Benjamin D. Sommers, MD, PhD Assistant Professor of Health Policy & Economics Harvard T. H. Chan School of Public Health / Brigham & Women's Hospital Boston, MA 02115

Dr. Benjamin D. Sommers

Benjamin D. Sommers, M.D., Ph.D
Assistant Professor of Health Policy & Economics Department of Health Policy & Management
Harvard T.H. Chan School of Public Health
Assistant Professor of Medicine Division of General Medicine & Primary Care
Brigham & Women’s Hospital / Harvard Medical School

MedicalResearch.com: What is the background for this study? What are the main findings?

Response: More than half of states have expanded Medicaid under the Affordable Care Act, and several states have taken alternative approaches, such as using federal Medicaid funds to purchase private insurance for low-income adults. Our study looks at the effects of these two different approaches – vs. not expanding at all – in three southern states (Kentucky Arkansas, and Texas). What we find is that expanding coverage, whether by Medicaid (Kentucky) or private insurance (Arkansas), leads to significant improvements in access to care, preventive care, quality of care, and self-reported health for low-income adults compared to not expanding (Texas). The benefits of the coverage expansion also took a while to become evident – the first year of expansion (2014) showed some of these changes, but they become much more apparent in the second year (2015).

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Little Shift To Part Time Work As A Result of ACA So Far

Asako Moriya, Ph.D. Service economist Center for Financing, Access and Cost Trends Agency for Healthcare Research and Quality (AHRQ). Rockville, Maryland

Dr. Asako Moriya

MedicalResearch.com Interview with:
Asako Moriya, Ph.D
.
Service economist
Center for Financing, Access and Cost Trends
Agency for Healthcare Research and Quality (AHRQ).
Rockville, Maryland 

Medical Research: What is the background for this study?

Dr. Moriya: While the Affordable Care Act (ACA) has increased insurance coverage and improved access to care among millions of Americans, the law’s potential impacts on the labor market are also important policy considerations. There was speculation that employers would reduce work hours to avoid the ACA employer mandate and also that ACA coverage expansion through Medicaid and the Health Insurance Marketplace would create work disincentives. We wanted to test these speculations using data from a nationally representative sample of approximately 60,000 households interviewed monthly up until June 2015.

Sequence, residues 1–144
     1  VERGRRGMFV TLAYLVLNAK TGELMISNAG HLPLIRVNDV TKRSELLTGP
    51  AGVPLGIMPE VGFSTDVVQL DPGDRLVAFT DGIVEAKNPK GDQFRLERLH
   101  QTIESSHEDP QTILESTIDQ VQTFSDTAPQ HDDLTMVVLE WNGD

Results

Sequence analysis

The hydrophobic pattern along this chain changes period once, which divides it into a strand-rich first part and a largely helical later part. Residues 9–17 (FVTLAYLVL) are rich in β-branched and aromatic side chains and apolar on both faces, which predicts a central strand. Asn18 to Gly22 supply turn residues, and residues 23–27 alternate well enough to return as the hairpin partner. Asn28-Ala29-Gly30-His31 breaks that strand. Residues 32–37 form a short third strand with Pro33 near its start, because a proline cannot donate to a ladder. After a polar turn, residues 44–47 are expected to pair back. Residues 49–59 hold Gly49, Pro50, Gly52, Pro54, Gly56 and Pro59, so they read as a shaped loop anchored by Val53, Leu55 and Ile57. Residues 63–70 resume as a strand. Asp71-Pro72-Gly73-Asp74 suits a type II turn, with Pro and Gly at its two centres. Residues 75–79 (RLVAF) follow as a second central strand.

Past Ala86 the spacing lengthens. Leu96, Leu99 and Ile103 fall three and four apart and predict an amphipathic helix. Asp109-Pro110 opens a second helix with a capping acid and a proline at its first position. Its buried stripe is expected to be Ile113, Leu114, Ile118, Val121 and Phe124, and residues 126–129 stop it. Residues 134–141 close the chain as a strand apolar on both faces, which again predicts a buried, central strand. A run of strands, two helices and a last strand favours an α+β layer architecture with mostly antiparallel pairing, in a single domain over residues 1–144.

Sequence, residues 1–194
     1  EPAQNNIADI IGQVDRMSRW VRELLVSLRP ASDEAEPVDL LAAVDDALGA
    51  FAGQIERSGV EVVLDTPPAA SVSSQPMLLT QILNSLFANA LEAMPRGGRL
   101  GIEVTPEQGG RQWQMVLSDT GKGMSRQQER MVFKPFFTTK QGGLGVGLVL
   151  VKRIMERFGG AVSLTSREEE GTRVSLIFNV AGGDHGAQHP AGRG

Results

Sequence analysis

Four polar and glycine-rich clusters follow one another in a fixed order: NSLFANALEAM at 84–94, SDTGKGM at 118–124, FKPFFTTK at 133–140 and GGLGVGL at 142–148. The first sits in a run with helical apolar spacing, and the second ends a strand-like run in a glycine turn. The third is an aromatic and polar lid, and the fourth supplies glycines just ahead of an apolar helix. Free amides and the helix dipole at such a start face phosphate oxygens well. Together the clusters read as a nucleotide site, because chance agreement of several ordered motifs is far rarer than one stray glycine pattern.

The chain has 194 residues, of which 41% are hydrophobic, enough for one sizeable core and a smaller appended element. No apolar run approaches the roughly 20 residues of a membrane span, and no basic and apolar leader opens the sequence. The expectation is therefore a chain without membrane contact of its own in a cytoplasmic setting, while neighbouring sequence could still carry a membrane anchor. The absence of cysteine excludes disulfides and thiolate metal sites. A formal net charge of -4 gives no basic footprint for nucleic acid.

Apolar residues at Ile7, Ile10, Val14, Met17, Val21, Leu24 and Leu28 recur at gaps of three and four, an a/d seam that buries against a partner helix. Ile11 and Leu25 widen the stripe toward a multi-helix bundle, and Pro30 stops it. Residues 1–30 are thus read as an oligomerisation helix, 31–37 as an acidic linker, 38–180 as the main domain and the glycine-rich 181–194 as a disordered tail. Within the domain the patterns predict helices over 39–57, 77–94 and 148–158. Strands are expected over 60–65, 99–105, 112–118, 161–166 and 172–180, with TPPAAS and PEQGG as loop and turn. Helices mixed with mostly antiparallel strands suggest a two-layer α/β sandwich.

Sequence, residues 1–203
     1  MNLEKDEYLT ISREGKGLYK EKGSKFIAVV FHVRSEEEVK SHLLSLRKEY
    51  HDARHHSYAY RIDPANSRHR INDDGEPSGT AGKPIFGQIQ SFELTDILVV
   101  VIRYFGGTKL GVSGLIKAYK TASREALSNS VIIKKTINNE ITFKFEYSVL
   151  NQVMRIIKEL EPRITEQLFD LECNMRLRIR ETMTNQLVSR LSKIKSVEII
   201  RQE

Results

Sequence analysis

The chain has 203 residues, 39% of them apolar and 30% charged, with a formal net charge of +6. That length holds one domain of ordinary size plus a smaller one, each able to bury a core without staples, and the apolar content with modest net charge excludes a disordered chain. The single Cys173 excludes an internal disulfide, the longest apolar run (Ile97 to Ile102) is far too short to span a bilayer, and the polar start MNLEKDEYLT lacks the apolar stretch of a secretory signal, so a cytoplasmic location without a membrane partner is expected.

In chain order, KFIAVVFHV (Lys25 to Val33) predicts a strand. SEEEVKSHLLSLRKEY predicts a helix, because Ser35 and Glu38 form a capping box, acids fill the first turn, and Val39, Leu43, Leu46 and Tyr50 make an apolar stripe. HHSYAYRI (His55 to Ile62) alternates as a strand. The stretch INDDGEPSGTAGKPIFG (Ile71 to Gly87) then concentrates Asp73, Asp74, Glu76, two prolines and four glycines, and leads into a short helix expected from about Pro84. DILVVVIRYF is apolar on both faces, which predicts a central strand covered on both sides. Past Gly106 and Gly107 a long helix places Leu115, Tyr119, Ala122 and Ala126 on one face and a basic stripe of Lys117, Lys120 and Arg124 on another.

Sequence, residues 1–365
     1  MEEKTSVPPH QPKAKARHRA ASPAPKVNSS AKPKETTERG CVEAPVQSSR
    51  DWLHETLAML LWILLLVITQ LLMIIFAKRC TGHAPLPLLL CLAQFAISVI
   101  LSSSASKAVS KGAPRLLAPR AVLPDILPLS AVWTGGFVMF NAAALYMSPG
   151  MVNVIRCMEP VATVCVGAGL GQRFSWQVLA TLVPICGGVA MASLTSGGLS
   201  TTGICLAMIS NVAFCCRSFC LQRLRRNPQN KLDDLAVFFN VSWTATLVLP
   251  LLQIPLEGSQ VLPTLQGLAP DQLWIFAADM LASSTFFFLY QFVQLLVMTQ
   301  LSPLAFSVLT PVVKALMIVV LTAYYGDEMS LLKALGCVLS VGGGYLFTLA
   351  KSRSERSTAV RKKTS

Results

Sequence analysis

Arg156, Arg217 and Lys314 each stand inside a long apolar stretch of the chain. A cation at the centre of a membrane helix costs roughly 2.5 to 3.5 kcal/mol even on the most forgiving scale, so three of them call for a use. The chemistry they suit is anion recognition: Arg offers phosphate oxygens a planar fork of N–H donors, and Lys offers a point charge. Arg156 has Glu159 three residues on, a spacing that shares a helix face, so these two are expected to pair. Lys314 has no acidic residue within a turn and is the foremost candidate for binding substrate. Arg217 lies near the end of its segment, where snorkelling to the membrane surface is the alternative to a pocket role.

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AHRQ Study Finds Racial/Ethnic Groups Specifically Targeted By ACA

Kamila B. Mistry, PhD MPH Senior Advisor, Child Health and Quality Improvement Agency for Healthcare Research and Quality US Department of Health and Human Services Rockville, MD 20857

Dr. Kamila Mistry

MedicalResearch.com Interview with:
Kamila B. Mistry, PhD MPH

Senior Advisor, Child Health and Quality Improvement
Agency for Healthcare Research and Quality
US Department of Health and Human Services
Rockville, MD 20857 

Medical Research: What is the background for this study? What are the main findings?

Dr. Mistry: This study, conducted by researchers at the Agency for Healthcare Research and Quality (AHRQ), was seeking to explore what impact the Affordable Care Act (ACA) may have on the nation’s well-documented racial/ethnic disparities in insurance coverage, access to medical care, and preventive services utilization. We used pre-ACA (2005-2010) household data from AHRQ’s Medical Expenditure Panel Survey to examine patterns of coverage, access, and utilization, by race/ethnicity, for nonelderly adults who are targeted by ACA coverage expansion provisions.

Our analysis found that racial/ethnic minorities were disproportionately represented among groups targeted by the ACA. We also found that targeted groups had lower rates of coverage, access, and preventive services utilization, and some racial/ethnic disparities were widest within these groups.

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Patient Centered Medical Home Model Adds Big Expense To Primary Care Practices

Michael K. Magill, MD Professor and Chairman, Family and Preventive Medicine University of Utah School of Medicine Salt Lake City, UT 84108MedicalResearch.com Interview with:
Michael K. Magill, MD

Professor and Chairman, Family and Preventive Medicine
University of Utah School of Medicine
Salt Lake City, UT  84108

 

Medical Research: What is the background for this study? What are the main findings?